It was only a matter of time before the debate over “fair taxation” would reach the world of football.
An Ernst & Young report in 2013 predicted that footballers would soon be the center of media attention for tax reasons. “Recognizing the fact that – in the eyes of the public – not only tax evasion but also any tax planning for higher income earning individuals and companies is more or less regarded as ‘tainted,’ one may expect that at some point of time also professional footballers may become subject to this discussion as well and will have the spotlights pointed at them.
”Especially where such players make use of tax planning techniques and streamline for example their image rights in a tax-friendly way via tax havens,” noted the report, titled “Tax and career facilities for professional football players in 2013.”
Since then, the game’s biggest stars, from Argentinian Lionel Messi, to Messi’s club FC Barcelona and Luis Felipe Scolari, who coaches Brazil, have been the subject of tax evasion charges. Messi and Scolari have been accused of passing profits derived from the use of their image rights to companies in offshore centers to evade the applicable taxes.
Charges against the 26-year-old Messi that he evaded 4.1 million euro in taxes were dropped in June after prosecutors accepted the explanation that he was not involved in the decision making that allegedly channeled untaxed income to companies in Belize and Uruguay. But his father Jorge remains the focus of investigations and Messi is facing additional tax charges of 33 million euro, Spanish media reported.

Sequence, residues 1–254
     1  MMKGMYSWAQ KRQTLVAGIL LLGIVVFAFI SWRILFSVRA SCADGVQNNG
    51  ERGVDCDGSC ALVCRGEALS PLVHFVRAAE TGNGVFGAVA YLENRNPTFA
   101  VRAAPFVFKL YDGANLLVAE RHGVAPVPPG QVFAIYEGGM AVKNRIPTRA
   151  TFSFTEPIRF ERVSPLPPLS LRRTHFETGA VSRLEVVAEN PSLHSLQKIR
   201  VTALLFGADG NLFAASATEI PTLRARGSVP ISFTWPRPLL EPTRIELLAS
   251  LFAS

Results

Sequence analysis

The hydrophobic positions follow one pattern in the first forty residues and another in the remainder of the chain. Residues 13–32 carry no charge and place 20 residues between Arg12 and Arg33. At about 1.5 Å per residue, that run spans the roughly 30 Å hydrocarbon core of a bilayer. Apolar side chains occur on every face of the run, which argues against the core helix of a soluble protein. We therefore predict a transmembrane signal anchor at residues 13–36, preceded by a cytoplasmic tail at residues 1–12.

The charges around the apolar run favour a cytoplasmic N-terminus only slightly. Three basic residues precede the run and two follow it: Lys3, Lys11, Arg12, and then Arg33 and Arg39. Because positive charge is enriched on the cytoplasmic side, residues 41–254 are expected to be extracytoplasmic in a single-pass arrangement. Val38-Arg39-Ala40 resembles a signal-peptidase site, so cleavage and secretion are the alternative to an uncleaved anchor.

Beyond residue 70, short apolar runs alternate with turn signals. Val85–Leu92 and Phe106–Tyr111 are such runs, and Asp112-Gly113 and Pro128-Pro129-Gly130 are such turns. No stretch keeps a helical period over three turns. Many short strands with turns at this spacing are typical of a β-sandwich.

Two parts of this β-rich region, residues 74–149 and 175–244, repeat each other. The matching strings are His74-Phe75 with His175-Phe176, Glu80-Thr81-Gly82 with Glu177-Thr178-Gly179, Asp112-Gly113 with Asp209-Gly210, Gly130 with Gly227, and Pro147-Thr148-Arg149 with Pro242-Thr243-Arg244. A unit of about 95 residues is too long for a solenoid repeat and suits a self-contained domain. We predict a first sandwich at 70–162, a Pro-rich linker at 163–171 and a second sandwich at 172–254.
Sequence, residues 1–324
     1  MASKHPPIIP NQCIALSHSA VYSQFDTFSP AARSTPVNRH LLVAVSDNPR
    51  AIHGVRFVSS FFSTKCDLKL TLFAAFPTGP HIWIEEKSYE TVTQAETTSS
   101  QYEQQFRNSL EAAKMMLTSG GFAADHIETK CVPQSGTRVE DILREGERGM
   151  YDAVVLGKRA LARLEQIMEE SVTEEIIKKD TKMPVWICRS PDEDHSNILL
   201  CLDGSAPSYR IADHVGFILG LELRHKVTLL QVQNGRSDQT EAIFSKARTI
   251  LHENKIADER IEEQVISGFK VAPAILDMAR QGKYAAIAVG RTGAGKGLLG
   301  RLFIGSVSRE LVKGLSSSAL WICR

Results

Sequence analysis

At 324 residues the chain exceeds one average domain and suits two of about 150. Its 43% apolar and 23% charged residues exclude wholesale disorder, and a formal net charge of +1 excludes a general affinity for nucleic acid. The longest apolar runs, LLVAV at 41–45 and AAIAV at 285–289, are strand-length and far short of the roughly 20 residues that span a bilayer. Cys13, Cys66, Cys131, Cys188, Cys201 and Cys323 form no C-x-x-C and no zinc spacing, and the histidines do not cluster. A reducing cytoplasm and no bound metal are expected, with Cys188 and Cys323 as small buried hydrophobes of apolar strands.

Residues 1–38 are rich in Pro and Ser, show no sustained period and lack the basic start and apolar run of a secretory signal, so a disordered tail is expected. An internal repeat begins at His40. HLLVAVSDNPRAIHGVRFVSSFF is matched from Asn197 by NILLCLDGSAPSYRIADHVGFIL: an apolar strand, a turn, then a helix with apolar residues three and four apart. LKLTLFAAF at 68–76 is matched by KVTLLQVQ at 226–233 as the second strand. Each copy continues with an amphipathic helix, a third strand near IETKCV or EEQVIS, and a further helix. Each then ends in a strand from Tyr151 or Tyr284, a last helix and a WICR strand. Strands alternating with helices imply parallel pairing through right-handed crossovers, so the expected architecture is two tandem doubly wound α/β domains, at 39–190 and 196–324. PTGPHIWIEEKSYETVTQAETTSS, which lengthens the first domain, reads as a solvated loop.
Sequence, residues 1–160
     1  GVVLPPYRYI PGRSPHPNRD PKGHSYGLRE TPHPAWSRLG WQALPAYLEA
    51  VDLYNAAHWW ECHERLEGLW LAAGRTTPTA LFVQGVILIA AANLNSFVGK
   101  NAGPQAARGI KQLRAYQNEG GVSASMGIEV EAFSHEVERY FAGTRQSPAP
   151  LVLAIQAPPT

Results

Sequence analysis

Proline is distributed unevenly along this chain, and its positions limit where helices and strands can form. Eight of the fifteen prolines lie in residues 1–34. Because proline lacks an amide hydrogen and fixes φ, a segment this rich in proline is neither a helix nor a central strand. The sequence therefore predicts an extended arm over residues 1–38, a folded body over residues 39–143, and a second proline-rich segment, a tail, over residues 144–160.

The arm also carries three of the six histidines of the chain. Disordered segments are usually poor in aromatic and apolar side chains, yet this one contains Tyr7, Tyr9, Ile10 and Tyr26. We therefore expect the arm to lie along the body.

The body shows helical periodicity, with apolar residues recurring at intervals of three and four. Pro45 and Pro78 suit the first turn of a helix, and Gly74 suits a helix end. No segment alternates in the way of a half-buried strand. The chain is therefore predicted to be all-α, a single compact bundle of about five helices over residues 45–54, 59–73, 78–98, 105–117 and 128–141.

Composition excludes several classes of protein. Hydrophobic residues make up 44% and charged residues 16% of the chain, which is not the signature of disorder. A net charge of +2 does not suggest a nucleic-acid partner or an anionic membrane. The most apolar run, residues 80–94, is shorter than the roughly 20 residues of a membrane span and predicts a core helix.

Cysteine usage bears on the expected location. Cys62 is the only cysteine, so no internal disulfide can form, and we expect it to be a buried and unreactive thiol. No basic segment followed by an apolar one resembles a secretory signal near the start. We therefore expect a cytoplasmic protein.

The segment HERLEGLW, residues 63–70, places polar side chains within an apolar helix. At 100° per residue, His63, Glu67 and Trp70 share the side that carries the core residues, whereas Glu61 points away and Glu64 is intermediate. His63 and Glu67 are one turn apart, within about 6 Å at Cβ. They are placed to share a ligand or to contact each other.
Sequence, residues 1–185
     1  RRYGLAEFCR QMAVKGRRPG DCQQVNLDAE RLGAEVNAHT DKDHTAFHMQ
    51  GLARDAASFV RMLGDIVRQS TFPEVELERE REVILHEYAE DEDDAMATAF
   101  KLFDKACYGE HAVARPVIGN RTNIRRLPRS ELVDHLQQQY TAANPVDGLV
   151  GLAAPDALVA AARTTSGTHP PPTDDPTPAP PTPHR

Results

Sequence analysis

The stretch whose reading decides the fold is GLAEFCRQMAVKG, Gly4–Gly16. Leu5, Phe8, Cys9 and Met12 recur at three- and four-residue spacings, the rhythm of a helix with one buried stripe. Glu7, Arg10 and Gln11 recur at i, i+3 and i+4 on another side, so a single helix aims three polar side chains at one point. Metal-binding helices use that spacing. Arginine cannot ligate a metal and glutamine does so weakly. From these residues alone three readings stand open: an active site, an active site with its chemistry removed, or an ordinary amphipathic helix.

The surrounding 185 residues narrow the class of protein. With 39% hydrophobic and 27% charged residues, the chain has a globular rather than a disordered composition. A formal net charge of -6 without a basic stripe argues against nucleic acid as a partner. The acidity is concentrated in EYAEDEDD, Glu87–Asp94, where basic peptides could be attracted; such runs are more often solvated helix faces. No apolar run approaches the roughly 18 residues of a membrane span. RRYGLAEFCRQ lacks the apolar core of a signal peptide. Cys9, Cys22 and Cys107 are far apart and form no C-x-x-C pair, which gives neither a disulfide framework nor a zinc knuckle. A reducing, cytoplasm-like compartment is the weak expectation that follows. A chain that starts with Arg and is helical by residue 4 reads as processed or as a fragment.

A tax fraud investigation against Scolari became public in May after Portuguese authorities requested information from the United States under a mutual legal assistance treaty. The Portuguese tax authority wants to know who the beneficial owners of several Miami bank accounts are. The accounts, which belong to three companies that at various times owned Scolari’s image rights, allegedly received about 7.4 million euro during a time when Scolari was the coach of Portugal’s national team – a sum that should therefore have been declared as local income. Meanwhile, Uli Hoeness, former player and president of German club Bayern Munich, commenced a three-year prison term last month after he was convicted of having evaded 25 million euro in taxes from currency trades in an undeclared Swiss bank account.
Despite these examples of alleged illicit activity, tax planning remains important for football’s highest earners. Moreover, tax considerations are also central to the financial management of less than stellar players. Football careers are unique. Professional footballers have to earn much of their wages in a relatively short time span before entering into an often uncertain alternative career, when age or injury forces them to retire.
Footballers come to the profession at a young age and often do not have the necessary experience or advice to manage their financial affairs properly.
Gordon Taylor, the chief executive of the English Professional Footballers Association (PFA), disputed reports in 2013 that three out five English Premier League players would go bankrupt within five years of their retirement, saying the number is more likely to be between 10 and 20 percent.
However, acknowledging that these statistics still point to extensive financial problems in the profession, he warned, “Footballers, with very few exceptions, aren’t going to earn as much money when they finish playing. We encourage young players to save for the future, for when they retire.”
“It is about saving, it’s about being sensible, it’s about being careful, it’s about not expecting to have the same lifestyle. It’s not everybody that can adapt. That exit strategy is quite important.”